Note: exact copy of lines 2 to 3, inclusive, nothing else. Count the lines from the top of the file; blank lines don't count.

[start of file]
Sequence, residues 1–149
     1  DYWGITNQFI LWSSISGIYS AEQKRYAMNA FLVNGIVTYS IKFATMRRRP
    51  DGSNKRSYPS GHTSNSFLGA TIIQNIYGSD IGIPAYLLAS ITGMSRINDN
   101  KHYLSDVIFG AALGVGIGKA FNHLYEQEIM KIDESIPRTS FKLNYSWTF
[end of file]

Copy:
     1  DYWGITNQFI LWSSISGIYS AEQKRYAMNA FLVNGIVTYS IKFATMRRRP
    51  DGSNKRSYPS GHTSNSFLGA TIIQNIYGSD IGIPAYLLAS ITGMSRINDN